You don’t have to be an experienced yogi to reap the benefits of pregnancy yoga.
Medically reviewed by Dr Juliet McGrattan (MBChB) and words by Denise Dahdah and Annie Hayes
It’s important to keep fit and healthy while you’re expecting, and pregnancy yoga can be the perfect solution. By focusing on the balance between your mind, body and breath, this centuries-old practice helps to relieve stress and tension, increase strength and flexibility, and address common prenatal symptoms like lower back pain and nausea.
You don’t have to be an experienced yogi to reap the benefits of pregnancy yoga. The postures for beginners are simple, and suit any fitness level. Best of all, you’ll meet other mums-to-be at your classes.
What is pregnancy yoga?
Also called prenatal yoga, pregnancy yoga typically involves breathing exercises, gentle stretching, simple postures, and potentially a short meditation at the end. Some of the postures will be the same as in a normal yoga class, but many others will be modified specially for pregnancy. You will also learn relaxation techniques to use during labour, as well as positions that may help to ease the pain of contractions.
7 benefits of pregnancy yoga
There are a number of benefits associated with establishing a pregnancy yoga routine, from birth to post-delivery stages:
- Pregnancy yoga boosts flexibility
‘Generally, pregnant mums who do yoga exercises appear healthier in mind and body,’ says Nedas. ‘Their bodies are more flexible, which enables them to adapt to various positions when in labour and the ligaments are more elastic, which in turn can help to reduce labour pain.’
- Pregnancy yoga boosts circulation
Bending, stretching and lengthening the body boosts circulation and also helps with fluid retention, according to Fox.
- Pregnancy yoga eases stress
Yoga is known for its ability to ease stress and promote relaxation, and pregnancy yoga is no different. The calmer you feel during pregnancy, the better it is for your health and the health of the baby.
- Pregnancy yoga improves posture
Yoga stretches and lengthens the spine and opens your shoulders, improving your posture. This can help ease back problems, which are common in pregnant women.
- Pregnancy yoga helps prepare for birth
‘Yoga helps to prepare for the birth – it encourages breath and body awareness, reduces worry and teaches women to adapt to new situations,’ adds Fox.
- Pregnancy yoga improves your sleep
Pregnant women often have trouble falling and staying asleep, but a regular practice can improve the quality and duration of your sleep.
- Pregnancy yoga strengthens muscles
Yoga continues to have benefits after pregnancy, too. Postnatal yoga, which can be started about six weeks after the birth, strengthens abdominal muscles and your pelvic floor.
How to start pregnancy yoga
If you’re new to yoga, start by taking classes to learn the poses under supervision. It’s best to start during the second trimester, after around 14 weeks, since most miscarriages occur during the first trimester. There’s no evidence that practising yoga in the first trimester will harm your baby, but most instructors will err on the side of caution.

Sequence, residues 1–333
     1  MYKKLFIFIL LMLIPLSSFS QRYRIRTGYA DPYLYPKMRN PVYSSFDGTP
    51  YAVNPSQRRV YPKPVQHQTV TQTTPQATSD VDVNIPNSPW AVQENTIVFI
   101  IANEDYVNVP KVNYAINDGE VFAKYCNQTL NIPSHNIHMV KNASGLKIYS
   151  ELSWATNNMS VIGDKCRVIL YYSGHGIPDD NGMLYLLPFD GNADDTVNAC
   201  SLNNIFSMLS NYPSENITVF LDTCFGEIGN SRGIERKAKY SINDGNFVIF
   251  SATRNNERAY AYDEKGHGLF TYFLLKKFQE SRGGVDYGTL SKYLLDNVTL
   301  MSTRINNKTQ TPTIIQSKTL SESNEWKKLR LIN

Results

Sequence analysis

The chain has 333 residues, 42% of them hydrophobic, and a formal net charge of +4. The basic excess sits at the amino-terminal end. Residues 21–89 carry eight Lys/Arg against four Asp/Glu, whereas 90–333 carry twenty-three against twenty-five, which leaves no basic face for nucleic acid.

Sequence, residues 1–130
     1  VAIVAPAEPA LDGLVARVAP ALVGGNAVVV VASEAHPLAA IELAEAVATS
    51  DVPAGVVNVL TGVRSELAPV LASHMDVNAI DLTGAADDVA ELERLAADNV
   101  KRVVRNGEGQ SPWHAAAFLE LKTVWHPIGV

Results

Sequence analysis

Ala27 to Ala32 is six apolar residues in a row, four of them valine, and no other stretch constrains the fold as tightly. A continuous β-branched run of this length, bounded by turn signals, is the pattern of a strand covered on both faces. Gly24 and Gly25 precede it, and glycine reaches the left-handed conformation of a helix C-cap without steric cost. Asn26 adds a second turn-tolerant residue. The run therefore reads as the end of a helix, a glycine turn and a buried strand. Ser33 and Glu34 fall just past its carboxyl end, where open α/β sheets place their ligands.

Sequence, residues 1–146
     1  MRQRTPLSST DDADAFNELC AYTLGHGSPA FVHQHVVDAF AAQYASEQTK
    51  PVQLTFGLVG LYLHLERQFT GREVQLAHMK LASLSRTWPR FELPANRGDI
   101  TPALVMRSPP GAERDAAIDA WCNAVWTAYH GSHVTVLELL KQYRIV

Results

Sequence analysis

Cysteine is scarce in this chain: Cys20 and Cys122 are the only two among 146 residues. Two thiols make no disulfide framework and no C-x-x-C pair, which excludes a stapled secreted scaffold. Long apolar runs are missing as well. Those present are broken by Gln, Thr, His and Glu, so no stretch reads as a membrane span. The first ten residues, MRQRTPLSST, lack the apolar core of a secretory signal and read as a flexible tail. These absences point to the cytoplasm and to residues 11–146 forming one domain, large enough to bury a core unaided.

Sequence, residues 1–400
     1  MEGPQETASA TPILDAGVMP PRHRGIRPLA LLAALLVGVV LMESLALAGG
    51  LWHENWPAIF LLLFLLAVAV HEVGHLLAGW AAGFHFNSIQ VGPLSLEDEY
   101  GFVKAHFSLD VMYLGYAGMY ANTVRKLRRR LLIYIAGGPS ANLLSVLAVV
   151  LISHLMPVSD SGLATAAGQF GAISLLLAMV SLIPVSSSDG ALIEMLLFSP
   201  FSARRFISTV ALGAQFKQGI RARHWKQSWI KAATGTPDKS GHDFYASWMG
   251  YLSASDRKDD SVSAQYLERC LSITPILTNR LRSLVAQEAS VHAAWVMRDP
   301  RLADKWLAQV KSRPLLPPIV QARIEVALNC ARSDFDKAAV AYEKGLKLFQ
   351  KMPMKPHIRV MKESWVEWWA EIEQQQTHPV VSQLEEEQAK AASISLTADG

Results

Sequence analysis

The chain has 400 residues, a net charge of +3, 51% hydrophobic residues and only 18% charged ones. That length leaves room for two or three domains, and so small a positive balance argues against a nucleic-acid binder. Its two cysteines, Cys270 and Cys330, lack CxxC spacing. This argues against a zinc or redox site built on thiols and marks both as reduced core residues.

For those who already attend a regular yoga class, be sure to tell your teacher that you’re pregnant, and ask them whether they’re trained to instruct pregnant women. If so, they’ll be able to help you modify postures in your usual practice. You can also practice at home, but take care to stick to the modifications you’ve been given.
Generally, prenatal yoga classes, hatha yoga classes and restorative yoga classes are the best choices for pregnant women. Avoid power yoga styles, such as ashtanga, which are vigorous in nature, as well as bikram or ‘hot’ yoga, which takes place in a hot room. This can be dangerous during pregnancy.
Always consult your doctor or midwife before starting a pregnancy yoga class or routine to make sure it’s suitable for you. If you’re at an increased risk of preterm birth or have certain medical condition – for example, heart disease or back problems – they may advise against it.
Is pregnancy yoga safe?
Yoga during pregnancy is safe – however, pain or nausea should not be felt at any point during or after yoga. If this happens, stop exercising and contact your GP or midwife.
Follow our tips to protect your health and the health of your baby during pregnancy yoga:
Keep it simple
Any position which feels uncomfortable should be left out, Fox says. ‘Lying on the front soon becomes inappropriate,’ she says. ‘Strong back bends are to be avoided, as are postures that involve using the tummy muscles strongly, such as the boat pose, or supine leg rising. Any posture involving balance should be tackled with great care.’
Take it easy
Mums-to-be should pay attention not to overstretch the body – the ligaments around the joints become loose and soft during pregnancy. The abdomen should stay relaxed at all times so you can use the gluteus muscles instead. Stay in your comfort zone and use the class to open, relax and stretch, without overexertion or overheating.
The NHS recommends that pregnant women aim for at least 150 minutes of moderate-intensity physical activity each week (equivalent to 30 minutes, five days per week). However, if you can’t hold a conversation while practicing pregnancy yoga, you’re pushing yourself too hard.